Dear Queer Diary is a column about the joys (and occasionally, the pains) of journaling. We crack open our tiny notebooks and break out the rainbow-colored pens on the regular, so get ready to limber up your writing hands and document all your beautiful feelings!

Header by Rory Midhani

Maggie is a freckly, punctuation-loving queer living in the Boston area. She supports her book-buying and tea-drinking habits by teaching America’s youth how to write topic sentences and spends her free time writing postcards and making sandwiches for her girlfriend.

Maggie has written 53 articles for us.

9 Comments

  1. Ahh this is so great! I mean I’m going to grad school to become a Woolf scholar, so I’m a little biased, but. Her diaries are indeed the shit.

    May or may not have been sitting with my girlfriend in the library yesterday, reading one of them to her… (We are English majors, clearly.)

  2. Virginia Woolf, you are the best, long may your words live on in the consciousness of humanity, long may you reign as queen of the english language and queen of my heart, Virginia I love you, forever and ever, amen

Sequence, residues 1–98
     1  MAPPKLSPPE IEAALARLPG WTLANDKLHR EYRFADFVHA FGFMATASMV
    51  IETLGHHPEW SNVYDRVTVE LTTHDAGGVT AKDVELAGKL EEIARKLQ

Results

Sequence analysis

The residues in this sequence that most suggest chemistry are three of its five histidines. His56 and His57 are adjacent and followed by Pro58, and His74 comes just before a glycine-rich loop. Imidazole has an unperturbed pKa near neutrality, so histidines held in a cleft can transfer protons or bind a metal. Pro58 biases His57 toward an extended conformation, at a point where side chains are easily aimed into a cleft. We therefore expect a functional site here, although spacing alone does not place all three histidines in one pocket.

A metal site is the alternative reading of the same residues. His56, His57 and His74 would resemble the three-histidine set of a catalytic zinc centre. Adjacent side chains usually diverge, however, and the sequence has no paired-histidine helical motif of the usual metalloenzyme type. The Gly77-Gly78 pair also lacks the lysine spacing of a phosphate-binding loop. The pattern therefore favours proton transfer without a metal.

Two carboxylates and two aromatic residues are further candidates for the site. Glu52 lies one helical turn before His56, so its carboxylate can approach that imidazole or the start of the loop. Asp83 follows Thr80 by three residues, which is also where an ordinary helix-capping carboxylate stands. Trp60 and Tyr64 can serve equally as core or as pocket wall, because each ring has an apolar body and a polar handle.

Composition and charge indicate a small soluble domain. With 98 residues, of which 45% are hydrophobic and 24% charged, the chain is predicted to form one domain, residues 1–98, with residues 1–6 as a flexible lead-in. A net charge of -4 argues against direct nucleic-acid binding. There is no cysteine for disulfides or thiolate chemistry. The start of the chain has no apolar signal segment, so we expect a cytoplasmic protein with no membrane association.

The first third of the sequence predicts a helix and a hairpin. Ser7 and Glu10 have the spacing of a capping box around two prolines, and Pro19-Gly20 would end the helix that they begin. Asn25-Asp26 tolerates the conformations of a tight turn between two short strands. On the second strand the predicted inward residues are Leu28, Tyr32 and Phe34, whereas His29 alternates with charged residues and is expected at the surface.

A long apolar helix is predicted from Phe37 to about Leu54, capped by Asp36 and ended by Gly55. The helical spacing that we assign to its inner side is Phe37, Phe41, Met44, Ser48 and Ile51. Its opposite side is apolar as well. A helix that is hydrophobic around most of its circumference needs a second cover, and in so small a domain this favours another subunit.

3. Ahh I fell in love with Virginia Woolf as an impressionable baby gay, also an actual teenage baby. I reread at least one of her novels pretty much every year. She emphasized the importance of reading Greek and Latin for good English prose, so now I’m getting a PhD in Classics like an obedient little reader.

  4. Confession time: I’m a massive Woolf fangirl — I’ve read “To the Lighthouse”, “Mrs Dalloway” and “Orlando” to many times to count. My mum read “Night and Day” to me while a nurse was stitching up my chin and I tried not to laugh at the overblown romance of the whole thing. I’ve studied Woolf in two languages and three countries, including one memorable week reading her handwritten drafts for “Mrs Dalloway” in the British Library. I appear to be incapable of writing an essay without citing “A room of one’s own.” But I have yet to read “The Waves.”

    I’m going to be travelling at the end of May, which I find is the best way to read modernist fiction — it’s not tame enough to slot into the rhythyms of day to day life, not really. Since I’m finishing up at the Bloomsday festival in Dublin; I was intending to finally knock over “Ulysses”, but maybe I should just ditch that plan and read Woolf. Major problems, I know.